A seminal classic that still delivers as the highest level
The history of Garrard as a manufacturer can be traced back to World War One, when the famous jewellers to royalty wished to do ‘their bit’ for the wartime effort, ultimately setting up an ammunitions company. After hostilities ceased, the family was left with a small manufacturing plant in Swindon, which switched to the manufacture of wind-up motors for gramophones. From Tommy gun to turntables, one might say...
Skip forward to 1952 and Garrard launched the predecessor to the 401 – the 301. The 301 was the fi rst ‘transcription quality’ turntable launched in the UK to feature all three speeds plus a pitch control. Common to both the 301 and the 401 is a superb die-cast chassis and platter, massive motor, a quality idler drive and superbly engineered main bearing.
The 401 was launched in 1964, and was more a cosmetic upgrade than anything else with a re-styling from the pen of industrial designer Eric Marshall. But there were mechanical upgrades, including a stronger eddy current brake, the relocation of the mains power switch to below the chassis, ‘dish shape’ changes to the platter (some early 401s have a ‘flat’ 301 platter, like our sample) and the fitting of an upmarket neon strobe lamp.
Idler drive has been blamed in some circles for rumble and killing the sonics of these decks. While no drive system is perfect, in my experience this design bests many modern ‘slippy’ belt-drive systems. If the 401 has an Achilles’ heel it’s the plinth. Most turntables are supplied complete, and whatever you may think about colouredsounding wooden boxes or subchassis sonics, it does make life simpler! But if you seek the ultimate in performance, attention to the quality and construction of the plinth used is paramount.
For the purposes of the review, a simple wall-mounted open plinth was used. This was made from two layers of 24mm-thick strips of walnut, measuring 68x48cm (wd). The plinth was cut for a 12in arm, and both SME 3012 and Ikeda 407 arms were used with a mix of Ortofon SPU MC and Nagoka MP30 MM cartridges. For comparison, I used a similarly mounted Technics SP10/II.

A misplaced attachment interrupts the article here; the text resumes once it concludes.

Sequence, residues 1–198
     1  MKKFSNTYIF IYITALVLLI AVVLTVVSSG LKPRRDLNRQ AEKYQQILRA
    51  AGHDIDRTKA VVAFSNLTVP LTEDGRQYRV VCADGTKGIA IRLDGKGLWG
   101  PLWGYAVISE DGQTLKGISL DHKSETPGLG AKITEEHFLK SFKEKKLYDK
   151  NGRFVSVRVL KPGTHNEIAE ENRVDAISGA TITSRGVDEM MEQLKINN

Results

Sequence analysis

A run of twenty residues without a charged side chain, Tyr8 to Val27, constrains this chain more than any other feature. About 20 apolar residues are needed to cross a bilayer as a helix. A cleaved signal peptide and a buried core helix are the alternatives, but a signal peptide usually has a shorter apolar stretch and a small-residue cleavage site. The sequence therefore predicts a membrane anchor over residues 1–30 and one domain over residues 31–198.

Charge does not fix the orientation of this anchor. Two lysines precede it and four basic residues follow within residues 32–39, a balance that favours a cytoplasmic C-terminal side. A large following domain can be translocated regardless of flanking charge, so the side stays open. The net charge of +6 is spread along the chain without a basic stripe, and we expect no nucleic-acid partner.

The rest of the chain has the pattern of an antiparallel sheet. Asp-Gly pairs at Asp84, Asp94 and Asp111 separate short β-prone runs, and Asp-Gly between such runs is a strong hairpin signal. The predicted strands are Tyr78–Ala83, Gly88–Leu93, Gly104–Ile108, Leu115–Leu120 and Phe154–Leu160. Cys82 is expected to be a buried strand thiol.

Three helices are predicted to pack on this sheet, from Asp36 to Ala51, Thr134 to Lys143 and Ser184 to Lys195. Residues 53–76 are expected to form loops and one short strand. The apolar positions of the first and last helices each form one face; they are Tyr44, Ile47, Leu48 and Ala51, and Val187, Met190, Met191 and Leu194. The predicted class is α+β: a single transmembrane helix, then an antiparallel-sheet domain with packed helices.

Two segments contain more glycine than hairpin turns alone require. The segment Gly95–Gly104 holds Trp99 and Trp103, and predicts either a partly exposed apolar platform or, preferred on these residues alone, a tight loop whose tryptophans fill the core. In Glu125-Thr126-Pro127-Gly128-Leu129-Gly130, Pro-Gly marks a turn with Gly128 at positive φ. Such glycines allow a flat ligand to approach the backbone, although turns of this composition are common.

Over the years I have spent time with a large number of modern high-end turntables. Yet I still come back to the superiority of this class of deck, whether it be direct or idler drive. From the minute the needle hits the groove there is a quality to the sound that can leave many other designs standing.
The first thing of note is the pitch and timing. It almost sounds as if these decks run fast; they do not of course, but neither do they smear dynamics in the way some enthusiasts report of more ‘up-to-date’ belt-drive decks. Then there’s the clarity in the bass. A strong chassis also helps in the bass department.
With such sturdy foundations to the sound, the Garrard is able to dig out a truly amazing performance. Classic vinyl tracks, such as Massive Attack’s ‘Unfi nished Sympathy’, took on an amazing persona, while a spin of some mid-’60s Stravinsky on Decca SKL amazed with its sheer power and flow.
On more subtle material the low levels of background noise were truly appreciated, but it was hard not to return to the more gutsy material. A very early 1958 DG stereo recording of Bach organ was immense, as was some more up to date pop stuff.
On audiophile-recorded direct masters and assorted Sheffield Labs material (we’re talking Kodo drums here) the sound was cavernous. What stands out with the Garrard is what it does not add. The heavy solid chassis keeps everything clean, taking away the minimum, and adding very little.
Demand for 401s has gone through the roof. Some 15 years ago you could find 401s for ‘sane’ money. Today expect to pay between £250 and £700 for a good clean chassis and much more for a decent plinth. Nevertheless, with a little work (on the plinth!) you’ll have one of the finest turntables out there.
Originally published in the Yearbook 2010
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